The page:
There was one play I will never forget. One of Mikey’s little girl buddies on the team had yet to make a catch all season.  In the last game, they played her on first base. When the batter hit the ball to Mikey, he fielded the ball and didn’t hesitate to throw heat at the little girl to make the play at first.  She held up her glove, closed her eyes, and made the catch. The stands erupted in cheers as she gracefully held the ball in one hand and, like Tinker Bell laying a spell on the highest part of the Disney Castle, tapped the runner out at first. 

Yup, Mikey’s t-ball games were hilarious, a much needed mental break from the insanity of law school. 

Baseball ALSBefore long, it became apparent that Alexes’ coach was neither the fan favorite Mikey enjoyed, nor the biggest supporter of gender equality as he repeatedly assigned Alexes to right field even though she was clearly one of the better athletes on the team.  She was ready to quit by the third week and we accepted that baseball, in any form, was about to go the way of her ballet and gymnastics career. Bye-bye.  She played just the single season to support our “see it through to the end” mantra.  Perhaps it was time to try the next possibility?

Feelings of progress coexisted with those of stagnation.  I looked outward and saw my young family moving two steps forward even in the midst of the occasional step back.  I looked within and saw only stagnation.  When we left Los Angeles the first time, I was committed to escaping what I saw as the oppression of the grocery store.  In a moment of need, I had returned to the business in Seattle with no change in my view of the industry.  But, I managed to escape to the University of Washington in what I believed would be the final chapter in the story of my exodus.  Yet here I was, back in a different form of the same game.  Once again, I was moving away from my education, away from my “list”, and towards the gut-wrenching frustration of opportunities lost.

I visualized our future, Cassandra finishing law school and becoming the successful lawyer and in that same future, I saw myself, still anchored to some store and trying to find meaning in a job, still investing time in an industry I despised.  In the vision, I spend my lifetime afraid that I have been left behind…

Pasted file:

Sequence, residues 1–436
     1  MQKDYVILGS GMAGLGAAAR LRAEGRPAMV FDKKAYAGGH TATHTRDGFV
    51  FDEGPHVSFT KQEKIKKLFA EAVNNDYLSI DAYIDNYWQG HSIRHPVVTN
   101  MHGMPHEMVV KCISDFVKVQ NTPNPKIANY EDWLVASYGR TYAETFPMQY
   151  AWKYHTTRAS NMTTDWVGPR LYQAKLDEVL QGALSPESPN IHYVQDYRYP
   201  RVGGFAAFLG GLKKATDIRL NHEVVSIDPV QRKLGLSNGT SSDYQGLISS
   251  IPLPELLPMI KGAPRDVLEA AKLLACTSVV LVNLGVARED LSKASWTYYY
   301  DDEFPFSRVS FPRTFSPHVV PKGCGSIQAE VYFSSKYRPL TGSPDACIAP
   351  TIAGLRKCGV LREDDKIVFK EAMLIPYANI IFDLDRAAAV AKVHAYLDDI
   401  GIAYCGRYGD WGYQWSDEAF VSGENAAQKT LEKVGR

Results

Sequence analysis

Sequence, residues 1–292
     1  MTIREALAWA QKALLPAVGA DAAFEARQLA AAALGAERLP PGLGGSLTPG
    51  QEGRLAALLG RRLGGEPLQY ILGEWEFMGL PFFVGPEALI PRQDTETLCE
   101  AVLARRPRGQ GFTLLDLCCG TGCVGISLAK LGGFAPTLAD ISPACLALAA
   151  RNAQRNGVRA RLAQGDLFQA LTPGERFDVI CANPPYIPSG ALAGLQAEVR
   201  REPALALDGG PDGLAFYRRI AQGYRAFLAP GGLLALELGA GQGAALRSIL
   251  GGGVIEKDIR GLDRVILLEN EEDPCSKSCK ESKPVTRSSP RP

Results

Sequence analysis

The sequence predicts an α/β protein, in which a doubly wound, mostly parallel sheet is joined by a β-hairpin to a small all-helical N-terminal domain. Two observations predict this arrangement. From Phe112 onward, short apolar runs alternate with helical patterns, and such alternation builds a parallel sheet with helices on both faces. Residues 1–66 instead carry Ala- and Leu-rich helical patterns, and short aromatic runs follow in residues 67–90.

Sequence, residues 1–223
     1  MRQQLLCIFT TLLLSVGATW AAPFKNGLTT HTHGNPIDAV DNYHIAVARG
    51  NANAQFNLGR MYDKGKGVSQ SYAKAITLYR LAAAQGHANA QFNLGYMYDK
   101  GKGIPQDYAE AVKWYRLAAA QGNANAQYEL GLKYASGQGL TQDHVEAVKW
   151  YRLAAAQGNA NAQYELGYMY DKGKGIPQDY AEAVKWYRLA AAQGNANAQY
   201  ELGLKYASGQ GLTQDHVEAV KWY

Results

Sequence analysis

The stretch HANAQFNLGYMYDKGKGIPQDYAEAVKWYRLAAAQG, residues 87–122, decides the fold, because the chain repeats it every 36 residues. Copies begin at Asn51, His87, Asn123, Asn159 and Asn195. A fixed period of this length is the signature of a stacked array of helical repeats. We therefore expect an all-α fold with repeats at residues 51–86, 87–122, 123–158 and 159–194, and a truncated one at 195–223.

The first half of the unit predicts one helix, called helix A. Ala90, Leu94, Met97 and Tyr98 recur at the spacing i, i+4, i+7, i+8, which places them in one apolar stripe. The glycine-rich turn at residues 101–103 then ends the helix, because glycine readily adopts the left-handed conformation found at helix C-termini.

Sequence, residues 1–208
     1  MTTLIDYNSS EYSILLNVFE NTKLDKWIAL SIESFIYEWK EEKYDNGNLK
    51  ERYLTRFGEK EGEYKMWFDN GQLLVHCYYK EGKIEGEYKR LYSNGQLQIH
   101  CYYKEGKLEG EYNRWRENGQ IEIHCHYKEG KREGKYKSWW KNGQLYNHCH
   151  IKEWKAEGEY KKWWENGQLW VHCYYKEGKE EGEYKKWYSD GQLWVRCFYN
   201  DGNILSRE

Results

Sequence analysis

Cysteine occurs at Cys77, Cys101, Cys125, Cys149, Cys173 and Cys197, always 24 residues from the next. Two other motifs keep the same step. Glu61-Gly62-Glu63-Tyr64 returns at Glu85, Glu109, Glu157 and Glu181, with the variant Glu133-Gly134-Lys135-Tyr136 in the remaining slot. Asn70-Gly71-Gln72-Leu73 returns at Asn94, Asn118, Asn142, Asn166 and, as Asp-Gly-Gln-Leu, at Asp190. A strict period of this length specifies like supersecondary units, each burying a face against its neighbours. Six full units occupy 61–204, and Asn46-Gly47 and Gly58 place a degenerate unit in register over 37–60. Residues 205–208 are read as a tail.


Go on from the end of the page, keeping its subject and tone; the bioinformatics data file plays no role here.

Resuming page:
The vision terrified me, weighing heavily on my “ism”, my idea of what I was capable of doing, of what my potential might be.  I came to grips with the reality that I would never, could never, be truly happy without finishing college.  And while I accepted that truth, it raised another interesting question: Did I need to finish medical school to be happy?

Going to medical school and becoming a doctor was on my list of “Things to Do”.  There were a series of events that caused me to question whether it was even necessary for me to be happy in life.  Cassandra and I saw firsthand how the strain of law school and medical school ended the marriage of our friends at the UW.  It scared us even then, but now we knew what it actually meant to be a One-L.  Graduate school can be a selfish mistress, requiring students to be absolutely committed to finishing.  It was true when my father was in medical school, almost flunked out, and lived for a year in an apartment away from the family to focus on his studies.  It was true for Cassandra, too.  Her progress came at a stiff price, a relentless commitment of time and energy that regularly pulled her away from the family.

The question of the ability of our marriage, or any marriage for that matter, to survive concurrent professional degree programs was a serious consideration.  But, we also thought about the logistics of the medical school application process.   Based on our experience with law school, any serious graduate school attempt must also include a willingness to relocate throughout the country, unless of course the candidate was at the top of the applicant pool (no need to worry about that in my case.

I took the Medical College Aptitude Test (MCAT) and did well enough to be competitive at a few schools on the east coast even though most of the schools in SoCal were little more than a pipe dream. Cassandra had three more years at Loyola and the thought of me leaving the family in L.A. for two to three years, while Cassandra tried to manage law school and two young children was inconceivable.  The separation did not seem like a recipe for a successful marriage.

He did more than “did well.”  If you knew his score you would wonder why we bet on me and not him.